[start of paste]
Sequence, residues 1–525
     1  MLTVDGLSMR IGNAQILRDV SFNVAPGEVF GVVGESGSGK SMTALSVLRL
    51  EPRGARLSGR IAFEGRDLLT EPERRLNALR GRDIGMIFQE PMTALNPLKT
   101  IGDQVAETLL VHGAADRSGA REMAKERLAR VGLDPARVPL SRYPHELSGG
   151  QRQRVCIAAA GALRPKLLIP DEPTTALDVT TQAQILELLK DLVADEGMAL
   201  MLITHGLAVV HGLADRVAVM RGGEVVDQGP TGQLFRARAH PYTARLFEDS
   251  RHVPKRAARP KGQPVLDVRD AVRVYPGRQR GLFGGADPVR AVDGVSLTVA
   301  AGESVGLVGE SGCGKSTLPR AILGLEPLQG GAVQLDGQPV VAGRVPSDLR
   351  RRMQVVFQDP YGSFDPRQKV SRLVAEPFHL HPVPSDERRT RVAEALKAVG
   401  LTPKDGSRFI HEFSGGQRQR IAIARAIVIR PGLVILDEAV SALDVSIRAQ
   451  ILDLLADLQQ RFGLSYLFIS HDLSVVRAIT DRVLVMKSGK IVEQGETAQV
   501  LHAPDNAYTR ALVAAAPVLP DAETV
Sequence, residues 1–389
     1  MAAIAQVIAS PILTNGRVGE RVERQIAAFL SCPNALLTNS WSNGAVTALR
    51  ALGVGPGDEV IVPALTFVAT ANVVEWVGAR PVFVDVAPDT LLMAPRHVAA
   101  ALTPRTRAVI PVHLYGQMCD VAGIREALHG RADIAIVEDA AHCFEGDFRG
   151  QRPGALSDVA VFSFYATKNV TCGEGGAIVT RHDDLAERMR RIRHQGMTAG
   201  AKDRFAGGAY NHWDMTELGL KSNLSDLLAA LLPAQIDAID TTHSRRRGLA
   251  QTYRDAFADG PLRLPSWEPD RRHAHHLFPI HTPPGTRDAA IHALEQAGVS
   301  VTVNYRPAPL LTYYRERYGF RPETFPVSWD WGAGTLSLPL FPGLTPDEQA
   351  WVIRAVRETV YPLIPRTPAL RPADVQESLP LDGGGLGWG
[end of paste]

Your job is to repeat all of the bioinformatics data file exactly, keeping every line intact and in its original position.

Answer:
Sequence, residues 1–525
     1  MLTVDGLSMR IGNAQILRDV SFNVAPGEVF GVVGESGSGK SMTALSVLRL
    51  EPRGARLSGR IAFEGRDLLT EPERRLNALR GRDIGMIFQE PMTALNPLKT
   101  IGDQVAETLL VHGAADRSGA REMAKERLAR VGLDPARVPL SRYPHELSGG
   151  QRQRVCIAAA GALRPKLLIP DEPTTALDVT TQAQILELLK DLVADEGMAL
   201  MLITHGLAVV HGLADRVAVM RGGEVVDQGP TGQLFRARAH PYTARLFEDS
   251  RHVPKRAARP KGQPVLDVRD AVRVYPGRQR GLFGGADPVR AVDGVSLTVA
   301  AGESVGLVGE SGCGKSTLPR AILGLEPLQG GAVQLDGQPV VAGRVPSDLR
   351  RRMQVVFQDP YGSFDPRQKV SRLVAEPFHL HPVPSDERRT RVAEALKAVG
   401  LTPKDGSRFI HEFSGGQRQR IAIARAIVIR PGLVILDEAV SALDVSIRAQ
   451  ILDLLADLQQ RFGLSYLFIS HDLSVVRAIT DRVLVMKSGK IVEQGETAQV
   501  LHAPDNAYTR ALVAAAPVLP DAETV
Sequence, residues 1–389
     1  MAAIAQVIAS PILTNGRVGE RVERQIAAFL SCPNALLTNS WSNGAVTALR
    51  ALGVGPGDEV IVPALTFVAT ANVVEWVGAR PVFVDVAPDT LLMAPRHVAA
   101  ALTPRTRAVI PVHLYGQMCD VAGIREALHG RADIAIVEDA AHCFEGDFRG
   151  QRPGALSDVA VFSFYATKNV TCGEGGAIVT RHDDLAERMR RIRHQGMTAG
   201  AKDRFAGGAY NHWDMTELGL KSNLSDLLAA LLPAQIDAID TTHSRRRGLA
   251  QTYRDAFADG PLRLPSWEPD RRHAHHLFPI HTPPGTRDAA IHALEQAGVS
   301  VTVNYRPAPL LTYYRERYGF RPETFPVSWD WGAGTLSLPL FPGLTPDEQA
   351  WVIRAVRETV YPLIPRTPAL RPADVQESLP LDGGGLGWG